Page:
Richard Bright: Can we begin by you saying something about your background?
Aura Satz: I studied cultural studies and art history in Bologna (Italy) before coming to London to do a PhD by theory/practice at the Slade School of Fine Art. Initially I worked with sculpture and performance but over the last 20 years or so I have become more invested in film and sound. My works operate in constellations, I have a central theme which might manifest in multiple formats, as films, performances, sound works, and so on.
RB: Have there been any particular influences to your art practice?
AS: I was very much influenced by Lis Rhodes who taught me at the Slade, and whom I have since collaborated with. Intergenerational conversations are extremely important to me. I have been teaching for around 20 years now, and I get a lot of inspiration from my students. Teaching also keeps me attuned to practices outside of my own. In my undergraduate studies I was particularly fascinated by iconoclasm and theories of the image based on contact relics. I suppose this has carried through in my later works which attempt to look closely at technologies, prying the apparatus apart, as well as my interest in technologies of sound writing, such as the phonograph – where the groove is a trace and relic of the voice, so to speak. I have always been inspired by female voices, and there are a number of women composers who are key sources of inspiration. I often think of some of the more dialogic works I have made with people such as Lis Rhodes, Laurie Spiegel, Pauline Oliveros, as an opportunity to go deeper into the conversation, not just through the encounter, the film or the recording of a verbal exchange, but even later in the editing process, where I spend a lot of time listening and composing to the cadence of speech or a pause for breath.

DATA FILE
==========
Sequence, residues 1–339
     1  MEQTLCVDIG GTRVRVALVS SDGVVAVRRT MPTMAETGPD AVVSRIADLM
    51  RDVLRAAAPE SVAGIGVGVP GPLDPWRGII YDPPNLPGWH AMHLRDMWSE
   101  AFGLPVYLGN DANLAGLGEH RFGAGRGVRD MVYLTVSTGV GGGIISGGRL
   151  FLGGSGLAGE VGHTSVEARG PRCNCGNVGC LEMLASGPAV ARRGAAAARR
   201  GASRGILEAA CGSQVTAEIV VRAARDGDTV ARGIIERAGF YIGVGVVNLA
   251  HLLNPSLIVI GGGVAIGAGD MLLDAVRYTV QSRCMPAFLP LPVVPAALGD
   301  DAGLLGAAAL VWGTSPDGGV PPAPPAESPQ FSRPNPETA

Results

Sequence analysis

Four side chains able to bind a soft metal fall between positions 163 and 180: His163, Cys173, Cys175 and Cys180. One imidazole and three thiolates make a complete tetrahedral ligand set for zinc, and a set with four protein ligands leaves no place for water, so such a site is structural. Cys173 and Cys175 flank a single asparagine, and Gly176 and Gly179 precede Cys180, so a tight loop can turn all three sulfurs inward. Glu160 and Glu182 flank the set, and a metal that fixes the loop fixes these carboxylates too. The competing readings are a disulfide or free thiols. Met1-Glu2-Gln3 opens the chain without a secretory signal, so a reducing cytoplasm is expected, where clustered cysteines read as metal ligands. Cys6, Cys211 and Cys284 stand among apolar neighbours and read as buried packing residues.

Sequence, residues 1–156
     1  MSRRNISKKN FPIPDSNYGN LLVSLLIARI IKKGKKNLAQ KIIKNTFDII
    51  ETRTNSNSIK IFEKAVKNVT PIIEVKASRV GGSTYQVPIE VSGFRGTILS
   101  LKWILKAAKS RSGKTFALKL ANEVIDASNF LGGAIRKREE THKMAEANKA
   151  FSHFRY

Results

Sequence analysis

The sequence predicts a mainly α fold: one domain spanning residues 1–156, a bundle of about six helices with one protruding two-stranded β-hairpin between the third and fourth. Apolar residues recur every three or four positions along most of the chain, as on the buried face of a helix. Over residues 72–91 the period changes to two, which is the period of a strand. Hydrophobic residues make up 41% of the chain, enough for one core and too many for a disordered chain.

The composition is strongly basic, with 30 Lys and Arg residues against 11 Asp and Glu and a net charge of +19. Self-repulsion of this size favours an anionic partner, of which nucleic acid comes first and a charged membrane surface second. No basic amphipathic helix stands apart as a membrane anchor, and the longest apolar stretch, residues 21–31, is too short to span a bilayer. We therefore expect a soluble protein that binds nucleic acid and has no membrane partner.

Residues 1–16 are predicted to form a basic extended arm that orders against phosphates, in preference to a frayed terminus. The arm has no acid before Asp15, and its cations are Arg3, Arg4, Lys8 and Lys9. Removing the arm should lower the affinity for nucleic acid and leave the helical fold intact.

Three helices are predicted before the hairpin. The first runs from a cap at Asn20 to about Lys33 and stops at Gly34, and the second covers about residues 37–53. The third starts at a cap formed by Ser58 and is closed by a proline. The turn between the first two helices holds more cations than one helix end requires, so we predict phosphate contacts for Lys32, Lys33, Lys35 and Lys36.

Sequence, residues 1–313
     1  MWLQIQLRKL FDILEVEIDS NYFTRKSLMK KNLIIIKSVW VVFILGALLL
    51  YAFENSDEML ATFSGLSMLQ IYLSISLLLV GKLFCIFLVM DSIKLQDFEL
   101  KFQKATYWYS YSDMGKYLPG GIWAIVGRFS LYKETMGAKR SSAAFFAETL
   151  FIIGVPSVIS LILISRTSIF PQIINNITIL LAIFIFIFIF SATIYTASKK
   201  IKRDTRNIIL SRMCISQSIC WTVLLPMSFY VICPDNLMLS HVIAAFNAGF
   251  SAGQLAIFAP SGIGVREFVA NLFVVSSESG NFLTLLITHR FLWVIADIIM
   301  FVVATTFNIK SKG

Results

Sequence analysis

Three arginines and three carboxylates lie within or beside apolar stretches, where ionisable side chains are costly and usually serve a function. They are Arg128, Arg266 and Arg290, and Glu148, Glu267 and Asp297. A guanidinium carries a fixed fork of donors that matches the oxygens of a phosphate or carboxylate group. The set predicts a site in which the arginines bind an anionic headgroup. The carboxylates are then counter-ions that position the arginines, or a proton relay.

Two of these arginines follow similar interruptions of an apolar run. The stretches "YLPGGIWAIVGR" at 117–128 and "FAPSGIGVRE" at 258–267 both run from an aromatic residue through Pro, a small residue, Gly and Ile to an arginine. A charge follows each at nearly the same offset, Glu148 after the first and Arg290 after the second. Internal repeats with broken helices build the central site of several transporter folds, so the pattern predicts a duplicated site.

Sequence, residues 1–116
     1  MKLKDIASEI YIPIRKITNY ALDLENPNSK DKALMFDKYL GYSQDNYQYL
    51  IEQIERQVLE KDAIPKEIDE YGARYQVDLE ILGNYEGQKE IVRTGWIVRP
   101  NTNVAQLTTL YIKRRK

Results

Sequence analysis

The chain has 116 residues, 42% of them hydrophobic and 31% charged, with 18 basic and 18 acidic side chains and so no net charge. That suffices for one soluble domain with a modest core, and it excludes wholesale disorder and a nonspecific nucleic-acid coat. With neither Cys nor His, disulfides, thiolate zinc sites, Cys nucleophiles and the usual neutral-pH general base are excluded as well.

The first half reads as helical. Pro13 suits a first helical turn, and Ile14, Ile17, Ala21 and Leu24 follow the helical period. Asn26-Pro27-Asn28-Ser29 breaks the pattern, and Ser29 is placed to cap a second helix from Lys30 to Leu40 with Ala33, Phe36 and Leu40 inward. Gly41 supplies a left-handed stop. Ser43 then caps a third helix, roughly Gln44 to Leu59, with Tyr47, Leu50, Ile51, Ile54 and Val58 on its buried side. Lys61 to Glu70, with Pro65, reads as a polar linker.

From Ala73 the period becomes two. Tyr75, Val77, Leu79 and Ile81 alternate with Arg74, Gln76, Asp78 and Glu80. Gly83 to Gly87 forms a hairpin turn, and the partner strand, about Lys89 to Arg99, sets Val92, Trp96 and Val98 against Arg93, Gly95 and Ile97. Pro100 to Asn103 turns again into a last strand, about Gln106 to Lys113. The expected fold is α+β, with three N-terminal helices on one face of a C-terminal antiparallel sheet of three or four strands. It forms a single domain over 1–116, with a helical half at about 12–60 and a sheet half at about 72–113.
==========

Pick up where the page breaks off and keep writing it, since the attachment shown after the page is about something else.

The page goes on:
RB: What is the underlying focus of your work?
AS: I keep returning to the notion of a distributed, expanded and shared notion of voice. Works are made in conversation and use dialogue as both method and subject matter. In my works which draw on historical research I see myself in dialogic exchange with past voices, speaking backwards and forwards, being spoken through. When I have focussed on technologies of sound writing, recording and playback, it is precisely because I am interested in ways in which voices carry through, have been under-heard, and can be ‘listened into speech’. Many previous works focussed on minor histories, using archival research as a starting point, but in recent years I have shifted from the idea of notation of the past towards a logic that is more aligned with a visual or verbal score, an open invitation to think towards possible future manifestations. A score implies a non-hierarchical generosity, suggesting multiple future iterations and no singular privileged way of performing or enacting. Some scores simply suggest a shift in focus, such as Oliveros’ suggestion to listen with the soles of your feet. Many of my works could be read as an invitation to recalibrate attention, ways in which we give it, what is deemed worthy of it, how we might enact a different modality of attention, what we conceive of as foreground and what is background.